The FCC will likely approve AT&T’s plan to use WCS spectrum during the next open meeting scheduled for October 17, 2012, the FCC said today. AT&T wants to offer mobile broadband service on 20MHz of 2.3 GHz spectrum it purchased in August along with spectrum holding company NextWave Wireless.
According to AT&T’s FCC filing, the carrier would acquire between 5 and 30 MHz of WCS spectrum from NextWave Wireless in 476 cellular market areas, achieving a maximum of 30 MHz WCS spectrum. AT&T wants between 10 and 25 MHz of WCS spectrum from Comcast in 149 markets and 10 MHz of WCS spectrum from Horizon Wi-Com in 132 markets. Currently AT&T owns 12 MHz on average of WCS across the country.
Currently there is 30 MHz of WCS spectrum broken into two 5×5 MHz paired channels (the A and B Block) and two 5 MHz unpaired channels (the C and D Block). The C and D Blocks are next to the spectrum used by Sirius XM. Under the proposal from AT&T and Sirius XM, AT&T would not use the C and D Block spectrum for mobile service in exchange for more liberal rules on the A and B Block spectrum, thus allowing AT&T to deploy FDD-LTE service in that band.
In May 2010, the FCC approved initial rules to allow mobile broadband providers to offer services on 25MHz of the adjoining WCS band. That vote opened the door to eventual mobile broadband uses, in addition to fixed wireless services, which had previously been permitted.
When it comes to highly populated areas, Nextwave’s holdings include mainly the A, C and D bands. Looking at a county level data, the table above shows the apparent improvement in AT&T’s spectrum position for the top counties ranked by population. But the C and D bands are being taken away by mutual agreement between AT&T and Sirius/XM. AT&T appears to be buying largely nothing from Nextwave (bands C & D), so they can get access to bands A & B, also acquiring spectrum from Comcast and Horizon.
Frank Rayal explains who owns what in the WCS band. It’s the A & B bands that matter. AT&T has to buy the C & D bands so it can use A & B.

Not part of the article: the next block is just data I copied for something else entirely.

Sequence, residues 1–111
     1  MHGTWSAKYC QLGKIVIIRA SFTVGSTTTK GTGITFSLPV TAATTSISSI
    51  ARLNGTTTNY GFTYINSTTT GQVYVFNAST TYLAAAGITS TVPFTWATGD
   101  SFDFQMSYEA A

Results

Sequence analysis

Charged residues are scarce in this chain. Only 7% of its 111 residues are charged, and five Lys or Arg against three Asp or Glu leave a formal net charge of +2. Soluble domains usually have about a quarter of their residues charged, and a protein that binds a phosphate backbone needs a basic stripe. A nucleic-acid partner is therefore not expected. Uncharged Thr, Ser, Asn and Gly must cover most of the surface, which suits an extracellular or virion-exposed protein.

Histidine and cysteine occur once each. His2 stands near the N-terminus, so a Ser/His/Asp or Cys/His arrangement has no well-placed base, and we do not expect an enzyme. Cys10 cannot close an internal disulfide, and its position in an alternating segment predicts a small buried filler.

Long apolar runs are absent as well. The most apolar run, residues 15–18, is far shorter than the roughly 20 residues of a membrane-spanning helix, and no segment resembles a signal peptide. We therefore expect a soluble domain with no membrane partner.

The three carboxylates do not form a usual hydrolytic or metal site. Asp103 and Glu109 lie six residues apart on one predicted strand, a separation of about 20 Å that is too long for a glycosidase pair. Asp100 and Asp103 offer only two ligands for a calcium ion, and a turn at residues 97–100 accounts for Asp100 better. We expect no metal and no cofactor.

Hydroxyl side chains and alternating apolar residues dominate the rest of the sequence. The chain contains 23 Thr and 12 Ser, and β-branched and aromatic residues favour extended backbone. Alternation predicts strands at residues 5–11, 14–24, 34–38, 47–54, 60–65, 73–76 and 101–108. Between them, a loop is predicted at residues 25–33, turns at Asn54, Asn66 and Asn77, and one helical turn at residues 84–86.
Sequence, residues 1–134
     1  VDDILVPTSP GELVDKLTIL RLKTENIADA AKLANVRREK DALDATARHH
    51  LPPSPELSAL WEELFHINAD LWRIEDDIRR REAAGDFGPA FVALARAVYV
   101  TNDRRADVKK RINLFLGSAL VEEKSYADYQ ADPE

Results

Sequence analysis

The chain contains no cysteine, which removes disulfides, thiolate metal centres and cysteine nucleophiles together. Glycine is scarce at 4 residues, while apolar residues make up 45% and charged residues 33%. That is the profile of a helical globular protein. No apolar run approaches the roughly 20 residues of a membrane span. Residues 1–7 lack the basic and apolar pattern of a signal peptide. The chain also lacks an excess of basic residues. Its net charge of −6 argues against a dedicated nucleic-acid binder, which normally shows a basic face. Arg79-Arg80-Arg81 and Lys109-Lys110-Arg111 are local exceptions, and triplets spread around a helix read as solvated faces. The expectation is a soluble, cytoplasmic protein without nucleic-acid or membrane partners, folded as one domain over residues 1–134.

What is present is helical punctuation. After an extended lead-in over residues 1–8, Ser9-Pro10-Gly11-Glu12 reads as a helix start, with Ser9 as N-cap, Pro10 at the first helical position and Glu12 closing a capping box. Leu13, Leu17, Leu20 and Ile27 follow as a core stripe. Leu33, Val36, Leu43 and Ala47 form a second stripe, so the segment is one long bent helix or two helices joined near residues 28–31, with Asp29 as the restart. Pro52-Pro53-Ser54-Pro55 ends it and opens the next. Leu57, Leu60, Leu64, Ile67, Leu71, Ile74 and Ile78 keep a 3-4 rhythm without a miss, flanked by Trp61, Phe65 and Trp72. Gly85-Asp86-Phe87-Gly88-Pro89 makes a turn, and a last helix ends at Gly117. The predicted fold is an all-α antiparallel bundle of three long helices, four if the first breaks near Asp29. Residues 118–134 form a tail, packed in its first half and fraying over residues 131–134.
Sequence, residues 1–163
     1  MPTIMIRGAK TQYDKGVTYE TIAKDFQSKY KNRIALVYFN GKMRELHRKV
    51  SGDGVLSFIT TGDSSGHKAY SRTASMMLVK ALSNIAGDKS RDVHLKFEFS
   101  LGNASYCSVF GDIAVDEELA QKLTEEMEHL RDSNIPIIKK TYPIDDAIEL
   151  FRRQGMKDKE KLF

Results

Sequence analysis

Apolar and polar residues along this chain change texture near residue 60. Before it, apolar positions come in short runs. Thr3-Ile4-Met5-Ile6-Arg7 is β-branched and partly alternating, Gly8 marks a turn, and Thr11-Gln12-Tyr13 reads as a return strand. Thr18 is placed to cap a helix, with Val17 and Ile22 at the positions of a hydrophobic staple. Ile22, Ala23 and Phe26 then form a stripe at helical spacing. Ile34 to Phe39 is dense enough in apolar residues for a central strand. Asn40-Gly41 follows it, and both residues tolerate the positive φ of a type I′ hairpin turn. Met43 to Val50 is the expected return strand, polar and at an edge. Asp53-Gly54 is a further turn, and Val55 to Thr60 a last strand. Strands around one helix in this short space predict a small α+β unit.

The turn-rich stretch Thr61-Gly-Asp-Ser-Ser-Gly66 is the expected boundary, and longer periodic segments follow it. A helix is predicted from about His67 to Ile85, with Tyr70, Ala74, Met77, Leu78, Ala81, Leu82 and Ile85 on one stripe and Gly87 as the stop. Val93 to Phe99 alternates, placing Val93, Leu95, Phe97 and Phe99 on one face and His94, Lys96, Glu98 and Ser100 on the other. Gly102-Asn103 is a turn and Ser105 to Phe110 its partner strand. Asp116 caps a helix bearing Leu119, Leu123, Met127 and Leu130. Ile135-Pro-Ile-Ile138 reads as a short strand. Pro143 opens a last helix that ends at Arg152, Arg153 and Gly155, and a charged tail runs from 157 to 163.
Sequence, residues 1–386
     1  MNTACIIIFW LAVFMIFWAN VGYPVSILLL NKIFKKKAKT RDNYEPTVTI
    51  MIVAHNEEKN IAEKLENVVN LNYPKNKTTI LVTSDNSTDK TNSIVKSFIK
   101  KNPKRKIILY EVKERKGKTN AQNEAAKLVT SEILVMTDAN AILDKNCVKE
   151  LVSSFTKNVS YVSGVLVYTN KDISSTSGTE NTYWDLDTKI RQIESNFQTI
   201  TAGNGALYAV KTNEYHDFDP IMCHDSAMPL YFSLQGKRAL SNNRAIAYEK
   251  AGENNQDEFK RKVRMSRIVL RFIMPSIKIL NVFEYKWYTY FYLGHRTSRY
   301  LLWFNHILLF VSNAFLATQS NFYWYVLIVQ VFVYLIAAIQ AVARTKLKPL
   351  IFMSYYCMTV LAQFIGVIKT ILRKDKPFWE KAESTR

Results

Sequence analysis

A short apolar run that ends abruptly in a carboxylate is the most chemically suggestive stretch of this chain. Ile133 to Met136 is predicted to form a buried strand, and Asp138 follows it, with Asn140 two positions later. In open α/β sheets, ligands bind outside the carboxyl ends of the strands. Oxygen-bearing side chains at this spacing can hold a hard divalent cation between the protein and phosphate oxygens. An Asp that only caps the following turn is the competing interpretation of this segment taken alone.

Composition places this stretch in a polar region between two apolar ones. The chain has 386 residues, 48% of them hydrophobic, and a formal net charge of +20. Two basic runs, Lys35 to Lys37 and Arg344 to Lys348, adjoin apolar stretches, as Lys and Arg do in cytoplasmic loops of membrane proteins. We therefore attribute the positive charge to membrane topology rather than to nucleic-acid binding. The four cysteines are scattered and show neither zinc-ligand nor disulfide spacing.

In June, AT&T and Sirius/XM came to an agreement allowing mobile broadband on 2.3 GHz. XM uses satellite repeaters which can be thousands of watts. They would likely drown out the adjoining 2.3 GHz band. The reverse could also be true; a 200 mW WCS radio close to an XM receiver could cause interference. The (5MHz x 2) guard band should make things copacetic.
Sirius uses a highly elliptical orbit with three satellite, but only two of them broadcast at any given time. Because they can be seen at a higher angle on the horizon, the need for terrestrial repeaters is lessened.
XM has traditionally used geosynchronous satellites, which result in reception problems in canyons or cities. Consequently, XM developed satellite “repeaters” on rooftops in metropolitan areas, providing improved reception. But the satellite repeaters put out thousands of watts and would swamp nearby WCS basestations.
The new FCC proposal would allow mobile broadband on 20MHz of the total 30MHz in the WCS spectrum, according to Tammy Sun, an FCC spokeswoman.
AT&T thinks it will take around four and a half years to make repurposed 2.3 GHz Wireless Communication Service (WCS) spectrum usable for LTE services. The 2.3 GHz band is often used for 4G (LTE) service in other countries, such as China and India.
In addition, AT&T will need to construct the infrastructure to deliver it.
If Dish and Clearwire team up, as some observers believe, then AT&T may want to play in that sandbox, too. Clearwire and China Mobile use the same basic technology, have roaming agreements, and will likely have working handsets from Nokia, Motorola, Samsung and others available by mid 2013. Microcell “hot zones” will deliver the goods.
DISH objects to the proposed shift of their uplinks by 5MHz into the 2005-25MHz band, claiming that a 5MHz buffer is needed between their spectrum and the high end of the band, above 2025MHz, and that a shift would cause serious delays for their network buildout plans.
Sprint has said that a 5 MHz shift would help its LTE operations by freeing up more PCS spectrum for auction. Sprint is currently using the 1900 MHz PCS G Block for its nascent LTE network, which allows it to deploy 5×5 MHz channels. But Sprint would like to get access to the adjacent PCS “H Block”, which would give it the ability to deploy 10×10 MHz channels (1910-1920/1990-2000). Both Verizon and AT&T use 10×10 MHz channels in the 700 MHz band.
Dish applied in late 2011 to the FCC to change the satellite companies’ frequencies to terrestrial broadband using LTE-A. The FCC indicated support for the idea in March, but it has yet to authorize the change.
“Today’s action is part of Chairman Julius Genachowski’s continued efforts to remove regulatory barriers that limit the flexible use of spectrum, which is one way he has led the Commission towards helping address the continued ‘spectrum crunch,” said the FCC in a statement.